Faces Leading the Future: Paul Wei

Early career is a vital time for every leader to develop his or her views on leadership, business management, and employee engagement. With a unique background of entrepreneurship and engineering, Owens Corning has recognized Paul Wei’s stand-out, forward-thinking leadership style. Paul has been with Owens Corning for almost 6 years, working as the general manager for their Advanced Materials business. Before joining OC, Paul lived in Taiwan and started his own engineering consulting company, which has a huge influence on his leadership style. “My style has two levels. One is a visionary, entrepreneurial type. Start with a vision and lead with that vision to build a business.  From the other side I think I also have the capabilities to be very execution-driven. It’s an unusual combination, execution along with vision. It’s about details and execution but at the same time you always have to take a step back and look at the bigger picture.”

Paul puts his vision for his business at the core of his leadership style as well as at the core of how he manages and motivates his employees. “I think its enrolling and engaging every person on that team around what we’re try to do. I think you cannot motive people without that. They need to know why they’re there and be a part of that. Strong leaders are able to keep their people. If you can get them plugged into the top, make them feel important and be enrolled into our vision and what were trying to do, they will feel more connected with the larger picture.”

As Paul develops his values as a leader, support from mentors and superiors is important. He is looking for  “a leader that is demanding and sets very high goals. Someone that puts some edge into how we go to work everyday. It’s also a leader that has experience themselves and is open to new ideas and is supportive of that. They put a lot of pressure on the team and expect results but at the same time I think he has to have the capability to understand what kind of ideas we have and be able to bring the tools to the table that we need to follow through with those ideas.”

As a young leader, Paul needs to see ahead of the traditional leadership styles to set himself apart, to gain respect and appreciation from his young employees “There was a day when it was ‘command and conquer’ type leadership. I come from a place with younger folks come from MBA school and I think the next generation is really going to be about empathy, emotion, understanding.  I think it’s about motivating your people and that understand where they come from and understanding how they are each individually.”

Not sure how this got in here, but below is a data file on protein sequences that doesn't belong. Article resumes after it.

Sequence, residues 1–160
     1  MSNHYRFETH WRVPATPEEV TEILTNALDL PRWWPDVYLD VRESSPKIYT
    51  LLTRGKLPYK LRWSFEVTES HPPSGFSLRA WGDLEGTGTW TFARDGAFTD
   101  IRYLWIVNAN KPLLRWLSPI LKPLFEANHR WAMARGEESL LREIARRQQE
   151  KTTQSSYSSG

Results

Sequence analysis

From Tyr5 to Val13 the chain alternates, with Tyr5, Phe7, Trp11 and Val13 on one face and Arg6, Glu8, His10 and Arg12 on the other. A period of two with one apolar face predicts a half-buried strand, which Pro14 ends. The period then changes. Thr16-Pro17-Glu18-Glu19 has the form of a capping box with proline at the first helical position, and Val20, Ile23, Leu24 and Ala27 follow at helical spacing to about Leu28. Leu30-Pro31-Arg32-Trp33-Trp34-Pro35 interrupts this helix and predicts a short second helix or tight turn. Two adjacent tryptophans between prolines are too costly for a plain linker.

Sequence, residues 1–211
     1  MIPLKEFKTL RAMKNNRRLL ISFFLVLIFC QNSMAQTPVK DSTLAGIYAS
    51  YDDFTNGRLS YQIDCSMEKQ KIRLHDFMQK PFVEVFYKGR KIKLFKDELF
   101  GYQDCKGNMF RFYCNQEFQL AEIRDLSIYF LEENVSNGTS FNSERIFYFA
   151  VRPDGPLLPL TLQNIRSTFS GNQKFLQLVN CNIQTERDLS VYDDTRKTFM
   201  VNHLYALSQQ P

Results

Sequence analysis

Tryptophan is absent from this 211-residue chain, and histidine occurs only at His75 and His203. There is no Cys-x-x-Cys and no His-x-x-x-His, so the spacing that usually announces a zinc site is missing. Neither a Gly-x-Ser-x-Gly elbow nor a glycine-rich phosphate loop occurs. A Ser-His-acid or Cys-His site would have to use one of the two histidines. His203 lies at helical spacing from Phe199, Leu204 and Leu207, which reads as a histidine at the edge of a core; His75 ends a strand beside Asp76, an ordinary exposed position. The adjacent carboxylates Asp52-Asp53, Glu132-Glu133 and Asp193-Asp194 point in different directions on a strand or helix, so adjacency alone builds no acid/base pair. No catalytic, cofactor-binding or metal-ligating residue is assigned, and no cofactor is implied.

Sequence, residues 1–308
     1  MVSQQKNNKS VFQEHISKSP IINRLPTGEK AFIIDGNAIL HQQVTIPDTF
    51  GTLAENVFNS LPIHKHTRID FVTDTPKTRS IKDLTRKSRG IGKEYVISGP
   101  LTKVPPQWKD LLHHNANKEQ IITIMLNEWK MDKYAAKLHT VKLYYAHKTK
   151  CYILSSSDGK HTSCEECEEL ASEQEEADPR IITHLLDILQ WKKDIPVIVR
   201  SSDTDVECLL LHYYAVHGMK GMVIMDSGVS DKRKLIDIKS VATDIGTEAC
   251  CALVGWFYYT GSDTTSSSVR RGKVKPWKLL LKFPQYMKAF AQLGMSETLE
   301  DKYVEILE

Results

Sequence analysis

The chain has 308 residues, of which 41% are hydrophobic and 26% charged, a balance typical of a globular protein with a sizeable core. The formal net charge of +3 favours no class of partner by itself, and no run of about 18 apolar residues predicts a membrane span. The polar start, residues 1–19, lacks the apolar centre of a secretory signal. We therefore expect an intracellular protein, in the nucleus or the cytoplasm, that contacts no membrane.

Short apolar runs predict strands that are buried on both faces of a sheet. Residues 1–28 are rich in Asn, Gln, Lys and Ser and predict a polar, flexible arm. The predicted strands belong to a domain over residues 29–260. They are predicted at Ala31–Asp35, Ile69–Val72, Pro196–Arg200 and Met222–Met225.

An issue that most managers have today is retaining their young employees. Having a well-rounded background in a variety of business arenas, like Paul does, can help leaders relate and keep up with young employees coming in with their hands in many different baskets. “I think what you’re seeing today is people getting their MBA with an engineering background.  I think they’re looking for leaders with similar capabilities in order to talk the same talk and keep them motivated. You have to have a boss that will connect with you on every level.  Someone that, on one side can talk technical, on another side can talk finance, and on the other side they can talk commercial. You have to be extremely well-rounded to keep up with the talent that’s coming out of school today.”

With a Masters in Engineering and an MBA, starting his own business then moving to a large corporation, Paul has positioned himself as a leader that understands how so many different arenas of business and engineering work together. “I think those things have given me, at a young age, an enormous amount of experience. I think we need to hire people with that type of background and drive, who have gone out and tried to do something like that. I think a new leader has to be able to span a number of different topics and have a background that’s a lot broader than they were in the past. I think to be a strong effective leader today in a company like ours you have the have multiple area of expertise.”

I asked Paul about the idea of reverse mentoring, a concept that we dive into more deeply in another blog post. He thought the programs could shine some light on technology trends that executives could learn from, help break down age barriers and open communication within an organization, as well as work to make young employees feel more influential in the decisions of the business. “I think it’s a cool concept. My view is that the world’s changing fast. I think social media is changing the way people interact, sell, and get business. I think reverse mentoring could definitely shed light to the people on top that may not be as plugged in to some of the trends and how things are going. I think that could be extremely powerful. That’s something that leaders can learn from the next generation, things that just didn’t exist 10 or 15 years ago. Breaking down some of those barriers, connecting the top with the bottom, absolutely will help companies be a lot more flexible.”

Paul brings fresh perspectives on leadership and how to support your employees. “I don’t try to run my business from an ‘I’m the leader’ dominant way, although sometimes I have to be that way. I try to focus on my people and making them the best they are. I try to step back and watch as much as possible when I can. I’d like to think I bring a little more spice to the team.” He puts the goals and needs of his employees before his own, and strives to push himself to understand the diverse landscape of his business each day to better support his team.

Jen Waters is a Marketing and Development Associate at Paragon.


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